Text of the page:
This is what the Greek default looks like

Europe will have to make its choice this year. Either a much tighter, more constrictive fiscal union with a central bank that can aggressively print euros in this crisis, or a break-up, either controlled or not. I don’t think they can kick the can until 2013, as the market will not allow it. Either the ECB takes off its gloves and gets down to real monetization when Italy and Spain need it, or the wheels come off.

If you want to understand what’s going on in global financial markets, go to John Mauldin’s site and subscribe to his free weekly newsletter Thoughts from the Frontline. Every week he pores over analyst reports, travels, talks to a lot of people who know what’s going on behind the scenes, and sits down to package thoughts, numbers and charts to be conveniently delivered to your inbox to provide you with food for thought.  Also from this week’s newsletter: this is what the Greek default looks like.

Greece has two choices. They can choose Disaster A, which is to stay in the euro, cutting spending and raising taxes so they can qualify for yet another bailout; negotiating more defaults; getting further behind on their balance of payments; and suffering along with a lack of medicine, energy, and other goods they need. They will be mired in a depression for a generation. Demonstrations will get ever larger and uglier, as the government has to make even more cuts to deal with decreasing revenues, as 2.5% of their GDP in euros leaves the country each month. There is a run on their banks. Any Greek who can is getting his money out.

Greek voters will then blame whichever political group was responsible for choosing Disaster A and vote them out, as the opposition calls for Greece to exit the euro. Which is of course Disaster B.

Leaving the euro is a nightmare of biblical proportions, equivalent to about 7 of the 10 plagues that visited Egypt. First there is a banking holiday, then all accounts are converted to drachmas and all pensions and government pay is now in drachmas. What about private contracts made in euros with non-Greek businesses? And it is one thing to convert all the electronic money and cash in the banks; but how do you get Greeks to turn in their euros for drachmas, when they can cross the border and buy goods at lower prices, as inflation and/or outright devaluation will follow any change of currency. It has to. That is the whole point.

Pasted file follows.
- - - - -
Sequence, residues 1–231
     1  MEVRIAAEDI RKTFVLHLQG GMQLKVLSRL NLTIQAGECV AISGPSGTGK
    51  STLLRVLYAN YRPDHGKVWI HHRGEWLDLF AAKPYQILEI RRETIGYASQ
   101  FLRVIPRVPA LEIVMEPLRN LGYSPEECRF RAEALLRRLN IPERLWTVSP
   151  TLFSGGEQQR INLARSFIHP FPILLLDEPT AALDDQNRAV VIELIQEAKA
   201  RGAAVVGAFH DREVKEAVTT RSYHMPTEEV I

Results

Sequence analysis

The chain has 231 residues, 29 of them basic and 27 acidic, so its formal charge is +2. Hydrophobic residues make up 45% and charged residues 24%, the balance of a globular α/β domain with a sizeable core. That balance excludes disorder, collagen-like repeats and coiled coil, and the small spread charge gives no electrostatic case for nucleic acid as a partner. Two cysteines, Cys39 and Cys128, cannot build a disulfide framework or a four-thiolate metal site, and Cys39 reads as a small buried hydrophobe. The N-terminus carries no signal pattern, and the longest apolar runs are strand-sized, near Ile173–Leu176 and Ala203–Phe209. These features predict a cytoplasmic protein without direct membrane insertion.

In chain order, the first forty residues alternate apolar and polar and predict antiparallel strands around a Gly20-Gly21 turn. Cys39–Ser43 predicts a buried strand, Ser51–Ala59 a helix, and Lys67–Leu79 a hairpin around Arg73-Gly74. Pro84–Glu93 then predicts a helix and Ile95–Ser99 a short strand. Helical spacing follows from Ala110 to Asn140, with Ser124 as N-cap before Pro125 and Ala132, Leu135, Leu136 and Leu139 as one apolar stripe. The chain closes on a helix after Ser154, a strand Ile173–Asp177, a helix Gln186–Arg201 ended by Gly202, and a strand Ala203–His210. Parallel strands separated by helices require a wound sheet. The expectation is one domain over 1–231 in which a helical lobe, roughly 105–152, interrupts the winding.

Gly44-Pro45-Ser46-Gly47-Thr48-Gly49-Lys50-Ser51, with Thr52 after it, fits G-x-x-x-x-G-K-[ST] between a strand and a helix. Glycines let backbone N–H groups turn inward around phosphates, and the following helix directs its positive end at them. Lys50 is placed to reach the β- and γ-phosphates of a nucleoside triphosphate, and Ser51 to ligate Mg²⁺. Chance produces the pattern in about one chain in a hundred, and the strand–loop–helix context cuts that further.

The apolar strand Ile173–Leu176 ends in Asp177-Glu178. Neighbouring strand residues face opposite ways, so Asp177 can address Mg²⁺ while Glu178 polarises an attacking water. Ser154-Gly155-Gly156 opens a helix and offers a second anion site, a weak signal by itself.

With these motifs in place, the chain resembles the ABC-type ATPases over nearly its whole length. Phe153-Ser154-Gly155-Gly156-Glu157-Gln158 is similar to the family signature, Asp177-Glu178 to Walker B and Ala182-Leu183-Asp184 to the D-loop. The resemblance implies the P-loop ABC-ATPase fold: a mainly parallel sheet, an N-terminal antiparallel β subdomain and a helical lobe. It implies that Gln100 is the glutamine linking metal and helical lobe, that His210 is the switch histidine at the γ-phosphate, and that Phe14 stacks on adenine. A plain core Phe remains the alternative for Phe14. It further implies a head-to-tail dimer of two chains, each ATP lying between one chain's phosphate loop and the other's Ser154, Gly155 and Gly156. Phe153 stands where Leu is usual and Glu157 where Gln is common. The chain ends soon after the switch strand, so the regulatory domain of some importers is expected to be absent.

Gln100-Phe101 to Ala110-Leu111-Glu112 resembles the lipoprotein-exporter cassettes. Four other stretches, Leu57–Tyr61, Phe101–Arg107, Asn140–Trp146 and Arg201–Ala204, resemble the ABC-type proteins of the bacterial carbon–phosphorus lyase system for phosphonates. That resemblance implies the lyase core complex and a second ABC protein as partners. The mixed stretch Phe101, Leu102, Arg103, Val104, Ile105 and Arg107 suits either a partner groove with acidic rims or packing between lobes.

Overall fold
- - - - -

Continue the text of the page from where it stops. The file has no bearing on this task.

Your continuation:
So how do you get Zorba and Deimos to willingly turn in their remaining cash euros? You can close the borders, but that creates a black market for euros – and the Greeks have been smuggling through their hills for centuries. And how do you close the fishing villages, where their cousin from Italy meets them in the Mediterranean for a little currency exchange? What about non-Greek businesses that built apartments or condos and sold them? They now get paid in depreciating drachmas, while having to cover their euro costs back home? Not to mention, how do you get “hard” currency to buy medicine, energy, food, military supplies, etc.? The list goes on and on. It is a lawyer’s dream.

There is a third choice, Disaster C, which is worse than both of the above. Greece can stay in the euro and default on all debt, which cuts them off completely from the bond market for some time to come. This forces them to make drastic cuts in all government services and payments (salaries, pensions etc.), and suffer a capital D Depression, as they must balance their trade payments overnight, or do without. Then they choose Disaster B anyway.

Very much the same could be said about Italy, II: Troubles in Greece

As unique as my country is, I often read about other places that are similarly stuck in the holes they’ve been digging for themselves. But in the United States, the Obama administration has already announced that they mean business when they talk about upgrading the country’s creaking infrastructure, promoting clean energy, and fixing health care (see my previous post quoting Fred Wilson). We haven’t done that – so, the parallel no longer applies.

Today, instead, the Friends of Italy Award of the day goes therefore to Greece, described in today’s Economist in the following terms.

[…] Far more important are problems that no Greek government has tackled. To find out what they are, ask any of the Greek-born scholars, entrepreneurs, artists and other talented types who flourish all over the world but recoil at working in their homeland, much as they love it.

As any homesick Hellene can tell you, their country can be a maddening place for people with drive and flair. The world’s universities are full of Greek academics, but the country’s own campuses are dogged by poor administration, strikes and a state monopoly on higher education. In its university system Greece hews closer to the worst aspects of the Ottoman past (such as bureaucracies that block innovation) than does Turkey, with its fine range of public and private campuses.

In health, schooling and other public services, bad state provision fuels a huge under-the-counter market—creating in turn vested interests opposed to any change. Life is tough for youngsters with energy and talent but no cash or connections. To get anywhere, they spend all day in rotten state classrooms, then trek off to private night schools where the same teachers do a slightly better job in return for money. Anybody who negotiates those hurdles must then face a dismal job market—either a dreary, dysfunctional public sector or a private sector crimped by crooked tax inspectors and crazed regulators.